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Ministry of SAC in Hong Kong

by on March 29, 2011


On Monday morning John Menear, the Vicar of St Andrews, led a team through a bible devotion from 1 Thessalonians 1. In this passage Paul gave thanks for the Thessalonians work of faith, their labour in love and ultimately their endurance in hope, which allowed them to be patient and prepared to give things up because they knew in the fullness of time, the Lord will reward them with all the riches of eternal life. The fruit of the Thessalonians has been sown by Paul’s example and personal relationship with the Thessalonians as he preached the gospel to them.

John reminded us from this passage that as ministers of the gospel we are to be grounded and earthed in the congregation and live transparent lives so that that the gospel can be shown in real and practical ways for people to see the work of the gospel in our lives.

John and the staff team also gave an overview of the ministry of St Andrews Church (SAC) and the unique cultural aspects of ministry in Hong Kong. SAC is an Anglican international english speaking church with 2 daughter churches in Sha Tin and Sai Kung. There are three dioceses: East Kowloon, West Kowloon and Hong Kong. Macau is considered as missionary area.

Those who attend SAC are English speakers: those how have become Christian and disciples overseas in ministries similar to SAC, those families returning abroad and those who want their children to learn English.

In Hong Kong 4% of the population are Christian, 35% are Buddhists and the vast majority of Hong kong people follow a cultural and traditional Chinese religious practice and superstition.

Dale Hanson, the Minister of daughter church in Sha Tin explained that most people in Hong Kong are still living with parents and most are faced to live in an environment with idols and other religious practice in the home. Idols can also be in the workplaces. Hong Kong people work very long hours and are very time poor. Power, sex and money are common idols. Internet pornography is a real issue. It is also very common for business men to participate in sexual entertainment as part of doing business.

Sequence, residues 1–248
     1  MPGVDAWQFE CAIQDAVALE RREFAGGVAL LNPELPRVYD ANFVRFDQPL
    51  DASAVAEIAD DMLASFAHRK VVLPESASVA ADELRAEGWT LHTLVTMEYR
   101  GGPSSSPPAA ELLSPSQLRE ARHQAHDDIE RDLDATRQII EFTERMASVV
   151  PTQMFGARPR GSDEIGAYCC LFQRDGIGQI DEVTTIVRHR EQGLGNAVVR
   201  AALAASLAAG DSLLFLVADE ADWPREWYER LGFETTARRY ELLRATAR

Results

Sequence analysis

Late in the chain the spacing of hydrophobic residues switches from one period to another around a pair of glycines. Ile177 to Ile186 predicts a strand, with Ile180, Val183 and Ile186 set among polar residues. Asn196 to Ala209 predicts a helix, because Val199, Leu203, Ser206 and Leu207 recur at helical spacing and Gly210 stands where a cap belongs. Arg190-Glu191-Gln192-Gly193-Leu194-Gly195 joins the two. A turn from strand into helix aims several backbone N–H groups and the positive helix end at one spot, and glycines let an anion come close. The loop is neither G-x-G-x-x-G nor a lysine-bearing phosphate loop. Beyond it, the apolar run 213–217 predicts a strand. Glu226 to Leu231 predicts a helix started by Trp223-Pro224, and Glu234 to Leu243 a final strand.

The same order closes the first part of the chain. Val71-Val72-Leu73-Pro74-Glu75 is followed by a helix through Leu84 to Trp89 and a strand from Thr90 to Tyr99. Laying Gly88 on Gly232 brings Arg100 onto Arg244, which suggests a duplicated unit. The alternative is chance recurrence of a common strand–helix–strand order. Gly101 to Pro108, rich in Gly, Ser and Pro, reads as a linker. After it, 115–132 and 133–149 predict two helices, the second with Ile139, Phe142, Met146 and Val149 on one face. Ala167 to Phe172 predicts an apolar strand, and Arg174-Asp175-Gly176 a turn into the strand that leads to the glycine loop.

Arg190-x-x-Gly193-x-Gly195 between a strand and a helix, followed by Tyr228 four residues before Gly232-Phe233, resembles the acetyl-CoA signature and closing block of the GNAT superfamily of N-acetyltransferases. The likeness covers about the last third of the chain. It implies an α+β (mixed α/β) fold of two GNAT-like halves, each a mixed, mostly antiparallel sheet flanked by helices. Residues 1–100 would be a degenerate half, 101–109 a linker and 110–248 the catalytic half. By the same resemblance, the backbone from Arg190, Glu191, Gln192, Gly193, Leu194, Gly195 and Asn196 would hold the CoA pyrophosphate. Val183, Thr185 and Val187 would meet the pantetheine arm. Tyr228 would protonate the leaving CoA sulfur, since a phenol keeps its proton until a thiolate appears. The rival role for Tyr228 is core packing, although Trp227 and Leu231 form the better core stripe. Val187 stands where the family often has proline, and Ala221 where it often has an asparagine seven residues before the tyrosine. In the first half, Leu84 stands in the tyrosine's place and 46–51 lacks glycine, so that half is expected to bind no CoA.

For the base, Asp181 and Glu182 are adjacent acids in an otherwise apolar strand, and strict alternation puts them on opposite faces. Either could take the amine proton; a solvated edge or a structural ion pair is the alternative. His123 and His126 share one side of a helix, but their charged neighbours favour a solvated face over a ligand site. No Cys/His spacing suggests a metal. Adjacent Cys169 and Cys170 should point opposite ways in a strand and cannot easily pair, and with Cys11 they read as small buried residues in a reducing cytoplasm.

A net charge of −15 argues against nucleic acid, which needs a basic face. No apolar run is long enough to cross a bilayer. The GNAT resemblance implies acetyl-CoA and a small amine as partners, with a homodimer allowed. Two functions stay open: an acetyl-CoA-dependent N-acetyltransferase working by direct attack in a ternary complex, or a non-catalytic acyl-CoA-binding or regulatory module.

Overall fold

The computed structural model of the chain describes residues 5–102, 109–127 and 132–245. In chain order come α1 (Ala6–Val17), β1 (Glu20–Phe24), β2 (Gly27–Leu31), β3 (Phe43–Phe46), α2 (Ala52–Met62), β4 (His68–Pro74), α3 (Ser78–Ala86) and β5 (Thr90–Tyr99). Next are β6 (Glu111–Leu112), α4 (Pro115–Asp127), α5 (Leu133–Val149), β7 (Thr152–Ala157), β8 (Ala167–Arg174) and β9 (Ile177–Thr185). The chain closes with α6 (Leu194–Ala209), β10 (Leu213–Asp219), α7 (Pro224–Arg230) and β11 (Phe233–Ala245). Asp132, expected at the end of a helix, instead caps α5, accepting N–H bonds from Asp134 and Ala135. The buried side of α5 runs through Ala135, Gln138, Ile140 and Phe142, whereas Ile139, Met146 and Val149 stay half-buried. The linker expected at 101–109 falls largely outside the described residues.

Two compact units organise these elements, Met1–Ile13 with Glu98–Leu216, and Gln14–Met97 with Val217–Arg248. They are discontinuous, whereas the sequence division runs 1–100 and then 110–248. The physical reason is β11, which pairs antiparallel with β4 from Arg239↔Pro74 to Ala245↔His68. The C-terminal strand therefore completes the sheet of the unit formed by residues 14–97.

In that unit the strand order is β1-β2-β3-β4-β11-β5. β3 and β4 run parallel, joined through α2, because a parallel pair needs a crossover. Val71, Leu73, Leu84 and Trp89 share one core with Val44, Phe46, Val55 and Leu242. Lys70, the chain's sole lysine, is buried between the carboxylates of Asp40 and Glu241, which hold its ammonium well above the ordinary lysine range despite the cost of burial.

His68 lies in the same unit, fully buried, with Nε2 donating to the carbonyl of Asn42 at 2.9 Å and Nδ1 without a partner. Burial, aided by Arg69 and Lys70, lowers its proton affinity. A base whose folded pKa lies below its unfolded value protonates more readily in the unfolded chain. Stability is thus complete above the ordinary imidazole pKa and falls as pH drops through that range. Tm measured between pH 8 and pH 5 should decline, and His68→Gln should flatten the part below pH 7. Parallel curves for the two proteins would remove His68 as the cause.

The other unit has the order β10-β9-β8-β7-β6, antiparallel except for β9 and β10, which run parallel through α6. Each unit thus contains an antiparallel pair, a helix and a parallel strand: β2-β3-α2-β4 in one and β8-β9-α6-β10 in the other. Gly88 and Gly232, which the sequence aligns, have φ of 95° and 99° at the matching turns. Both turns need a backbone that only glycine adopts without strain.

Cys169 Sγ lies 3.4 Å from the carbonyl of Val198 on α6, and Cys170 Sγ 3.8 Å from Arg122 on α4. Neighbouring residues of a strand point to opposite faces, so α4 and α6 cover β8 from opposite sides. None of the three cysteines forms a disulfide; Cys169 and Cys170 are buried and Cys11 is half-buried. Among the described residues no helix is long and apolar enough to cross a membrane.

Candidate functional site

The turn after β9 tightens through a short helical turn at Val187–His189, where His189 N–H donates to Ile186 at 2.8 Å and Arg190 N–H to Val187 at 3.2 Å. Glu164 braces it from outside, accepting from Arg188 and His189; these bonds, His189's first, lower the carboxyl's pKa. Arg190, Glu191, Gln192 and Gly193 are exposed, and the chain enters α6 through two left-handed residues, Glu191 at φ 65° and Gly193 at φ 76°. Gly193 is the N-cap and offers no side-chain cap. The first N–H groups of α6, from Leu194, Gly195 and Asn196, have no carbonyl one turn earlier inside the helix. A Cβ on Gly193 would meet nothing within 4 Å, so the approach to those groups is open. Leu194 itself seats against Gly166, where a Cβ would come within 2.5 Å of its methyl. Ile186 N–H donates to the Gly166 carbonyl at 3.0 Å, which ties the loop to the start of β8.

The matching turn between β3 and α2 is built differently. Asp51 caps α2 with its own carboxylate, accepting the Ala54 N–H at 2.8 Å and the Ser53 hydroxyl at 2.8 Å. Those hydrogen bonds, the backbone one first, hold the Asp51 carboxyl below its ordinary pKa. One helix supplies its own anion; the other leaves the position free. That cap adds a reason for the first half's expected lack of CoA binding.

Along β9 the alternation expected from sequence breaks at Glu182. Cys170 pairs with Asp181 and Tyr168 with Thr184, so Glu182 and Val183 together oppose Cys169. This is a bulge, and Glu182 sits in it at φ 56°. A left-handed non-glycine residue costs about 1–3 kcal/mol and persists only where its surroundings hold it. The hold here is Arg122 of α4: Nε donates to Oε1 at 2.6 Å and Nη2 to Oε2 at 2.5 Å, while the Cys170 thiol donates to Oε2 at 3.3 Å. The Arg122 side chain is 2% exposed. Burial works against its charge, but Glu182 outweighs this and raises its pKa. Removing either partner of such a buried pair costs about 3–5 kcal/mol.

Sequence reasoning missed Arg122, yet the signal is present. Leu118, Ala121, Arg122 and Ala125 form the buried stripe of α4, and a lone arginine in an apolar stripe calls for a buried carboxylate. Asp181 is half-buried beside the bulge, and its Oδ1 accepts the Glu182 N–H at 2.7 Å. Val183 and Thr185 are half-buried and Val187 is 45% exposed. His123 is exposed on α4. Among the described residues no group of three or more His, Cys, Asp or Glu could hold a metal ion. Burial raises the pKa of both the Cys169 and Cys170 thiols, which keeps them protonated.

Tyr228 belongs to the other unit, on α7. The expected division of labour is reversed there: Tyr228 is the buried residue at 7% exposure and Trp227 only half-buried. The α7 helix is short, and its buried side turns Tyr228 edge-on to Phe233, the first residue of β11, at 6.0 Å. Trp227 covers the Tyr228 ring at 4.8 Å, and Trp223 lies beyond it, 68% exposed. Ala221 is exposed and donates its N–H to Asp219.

Dan Evers the Associate Minister in charge of Family Ministries shared that it is very common in Chinese families to have dysfunctional father-son relationship. Fathers are usually self indulgent and absent in children’s lives. Therefore the wife often wears the pants. As a result a lot of the married couples have dysfunctional mother-son relationships. Mothers end up seeking emotional support from their children and their spouses because the father is absent due to work and other reasons.

Despite the challenges, John says that Working in HK is fascinating and there are some aspects of the Chinese cultural which are good. Chinese do have a spiritual understanding which gives inroads to Christianity compared to the very hardened secularist mindset in the West.


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One Comment
  1. Casper permalink

    Living in Singapore we face similar family situations and also similar demographics in our church.

    What kind of ministries has the SAC community found more effective in working with those needs? I know HK has a lot more conspicuous poverty that can be reached out clearly to but what is effective with the middle class who are pretty ok on the outside but seriously messed up on the inside and often not interested in intellectual bible expositions on that situation?

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